BEIJING ( TheStreet) -- Short-seller Jim Chanos correctly saw Enron's problems before they engulfed the company. He's now making media appearances identifying China as his next short idea, specifically the Chinese commercial and residential property markets.Chanos famously referred to these markets as "Dubai times 1,000," foreseeing a cascading effect of property developers defaults, non-performing bank loans, bank losses and reduced lending, a pullback in further development and jobs, and a sharp drop in demand for commodities.
|Jim Chanos, founder and managing partner of Kynikos Associates.|
- China is successfully transitioning to a domestically driven from an export-driven economy. The $570 billion stimulus package last year from the Chinese government is having an effect. Unlike in the U.S., where money is spent keeping municipal jobs and bailing out banks and auto companies, the Chinese stimulus is going into large infrastructure projects like high-speed rail, highways, and public transportation, as well as directly into loans. These projects make China more self-sustaining economically, supporting property pricing. Even when there have been external shocks recently, like after Lehman failed, property market prices here didn't decline.
- Ghost towns are nowhere to be seen. There have been sensationalist claims of China's overbuilding coming from the U.S., including by Chanos. I've been looking for ghost towns during my visit in every town and through the suburbs; I haven't seen any. Building is happening based on demand, not based on "no doc, no income" loans.
- Leverage isn't an issue in the Chinese residential real estate market. In China, you must put 30% down for your primary residence and up to 50% down for secondary properties. Owners are on much more stable footing as a result and home ownership is high. Rentals basically don't exist.
- Migrant workers continue to swell city populations at a rate of 10 million a year. These workers are coming to Chinese cities from the farms for jobs. New building has to happen in the cities to accommodate this increased population.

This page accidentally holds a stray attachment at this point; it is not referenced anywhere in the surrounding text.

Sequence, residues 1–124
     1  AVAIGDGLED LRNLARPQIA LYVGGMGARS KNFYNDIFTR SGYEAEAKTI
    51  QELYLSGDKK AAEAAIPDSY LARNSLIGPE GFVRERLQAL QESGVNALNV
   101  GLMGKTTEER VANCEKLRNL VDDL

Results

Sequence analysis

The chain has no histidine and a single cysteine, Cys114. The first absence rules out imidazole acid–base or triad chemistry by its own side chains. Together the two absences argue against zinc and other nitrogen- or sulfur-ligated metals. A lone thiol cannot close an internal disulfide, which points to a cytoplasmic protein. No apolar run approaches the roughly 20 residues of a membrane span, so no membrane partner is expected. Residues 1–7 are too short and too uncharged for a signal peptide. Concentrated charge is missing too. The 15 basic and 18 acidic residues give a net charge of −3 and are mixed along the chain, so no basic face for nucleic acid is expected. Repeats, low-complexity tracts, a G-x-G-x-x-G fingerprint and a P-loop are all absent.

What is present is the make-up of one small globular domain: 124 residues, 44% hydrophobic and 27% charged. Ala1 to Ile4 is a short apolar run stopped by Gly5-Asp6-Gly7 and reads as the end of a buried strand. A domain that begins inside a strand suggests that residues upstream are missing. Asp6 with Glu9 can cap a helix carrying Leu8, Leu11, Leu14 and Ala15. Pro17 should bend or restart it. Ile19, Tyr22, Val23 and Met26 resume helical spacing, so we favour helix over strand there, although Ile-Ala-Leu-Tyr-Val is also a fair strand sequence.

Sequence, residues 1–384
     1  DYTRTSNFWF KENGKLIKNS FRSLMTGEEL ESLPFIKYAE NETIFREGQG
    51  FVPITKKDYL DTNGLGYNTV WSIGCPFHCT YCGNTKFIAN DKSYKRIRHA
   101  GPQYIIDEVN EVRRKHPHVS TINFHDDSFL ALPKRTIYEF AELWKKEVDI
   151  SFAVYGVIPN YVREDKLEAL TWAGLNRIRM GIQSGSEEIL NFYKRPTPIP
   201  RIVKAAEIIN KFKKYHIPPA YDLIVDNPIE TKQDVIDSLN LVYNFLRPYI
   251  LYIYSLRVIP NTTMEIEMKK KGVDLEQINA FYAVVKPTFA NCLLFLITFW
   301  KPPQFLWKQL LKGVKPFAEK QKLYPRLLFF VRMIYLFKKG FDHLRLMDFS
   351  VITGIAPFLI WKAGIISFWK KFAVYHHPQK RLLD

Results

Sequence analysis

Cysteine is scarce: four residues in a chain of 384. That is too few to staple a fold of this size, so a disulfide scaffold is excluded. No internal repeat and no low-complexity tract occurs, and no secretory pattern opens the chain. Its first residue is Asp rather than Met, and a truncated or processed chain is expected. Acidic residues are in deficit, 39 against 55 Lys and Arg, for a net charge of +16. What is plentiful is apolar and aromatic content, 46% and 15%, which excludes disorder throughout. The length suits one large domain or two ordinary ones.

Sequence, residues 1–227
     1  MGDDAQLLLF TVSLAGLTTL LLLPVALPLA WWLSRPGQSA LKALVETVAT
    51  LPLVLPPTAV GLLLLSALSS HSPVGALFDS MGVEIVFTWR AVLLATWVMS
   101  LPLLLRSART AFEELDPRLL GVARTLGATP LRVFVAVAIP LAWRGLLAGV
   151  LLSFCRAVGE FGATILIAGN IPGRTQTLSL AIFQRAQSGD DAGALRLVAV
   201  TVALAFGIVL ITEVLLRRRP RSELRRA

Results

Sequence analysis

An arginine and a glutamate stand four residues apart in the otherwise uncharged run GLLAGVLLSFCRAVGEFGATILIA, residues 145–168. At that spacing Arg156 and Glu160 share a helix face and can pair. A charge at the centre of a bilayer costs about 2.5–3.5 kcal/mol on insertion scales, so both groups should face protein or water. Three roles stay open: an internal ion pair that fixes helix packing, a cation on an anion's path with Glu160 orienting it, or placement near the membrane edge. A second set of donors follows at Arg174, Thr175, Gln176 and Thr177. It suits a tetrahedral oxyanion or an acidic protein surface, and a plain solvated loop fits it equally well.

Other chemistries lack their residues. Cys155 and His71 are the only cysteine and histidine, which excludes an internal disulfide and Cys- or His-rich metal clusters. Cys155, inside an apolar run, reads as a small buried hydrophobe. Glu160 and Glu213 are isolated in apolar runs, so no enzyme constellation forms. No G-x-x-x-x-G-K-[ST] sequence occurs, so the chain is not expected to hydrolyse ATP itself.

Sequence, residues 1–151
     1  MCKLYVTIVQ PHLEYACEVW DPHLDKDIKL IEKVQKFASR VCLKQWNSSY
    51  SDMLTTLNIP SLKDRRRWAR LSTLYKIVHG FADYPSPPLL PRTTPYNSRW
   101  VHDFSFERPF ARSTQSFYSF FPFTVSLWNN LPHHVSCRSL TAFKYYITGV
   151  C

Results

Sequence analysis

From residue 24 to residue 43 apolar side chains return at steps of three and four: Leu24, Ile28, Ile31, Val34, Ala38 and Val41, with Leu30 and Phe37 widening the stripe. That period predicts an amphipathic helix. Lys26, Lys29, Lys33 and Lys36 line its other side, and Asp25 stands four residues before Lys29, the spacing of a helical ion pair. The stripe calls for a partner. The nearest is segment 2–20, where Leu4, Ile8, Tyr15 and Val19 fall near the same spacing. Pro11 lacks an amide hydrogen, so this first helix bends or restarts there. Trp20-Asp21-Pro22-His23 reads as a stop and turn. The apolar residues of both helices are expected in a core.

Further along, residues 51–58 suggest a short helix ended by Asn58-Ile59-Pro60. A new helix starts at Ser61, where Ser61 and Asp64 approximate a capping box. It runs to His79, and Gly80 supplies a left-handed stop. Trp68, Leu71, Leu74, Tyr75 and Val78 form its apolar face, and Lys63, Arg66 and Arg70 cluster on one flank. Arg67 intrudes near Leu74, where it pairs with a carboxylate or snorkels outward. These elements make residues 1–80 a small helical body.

- Nonperforming loans are decreasing, not increasing, in China. Conventional wisdom says, that with all the sloshing around of stimulus money in the Chinese economy, dumb loans are bound to be made and defaults are imminent. Yet bad loans are down. They might grow in two to three years, but the Chinese economy also will grow. Banks like Industrial and Commercial Bank of China, Bank of China and China Construction Bank are the largest in the world and are in the process of raising money from the capital markets.
- Most mid- and large-sized property developers in China are in stronger capital positions than suspected. Many have listed on Hong Kong's exchange and have adequate capital needs. Even if there was a downturn in prices, these larger developers would be insulated and able to ride out the correction even for a prolonged period.
- The Chinese government is the ultimate "Greenspan put" for China. The Chinese government has the motivation and means to do whatever is necessary to keep its economy growing. It will tighten the valves if it sees the market overheating. A drop in prices of 25% to 33% would shake out some smaller property developers in a way the Chinese government would likely see as healthy. That price correction also would stimulate demand to step into the breach. If there was a risk of a more prolonged drought, the Chinese government would act further. If there are some bad loans on the Chinese banks' or private trust companies' books, the government would -- if needed -- buy them.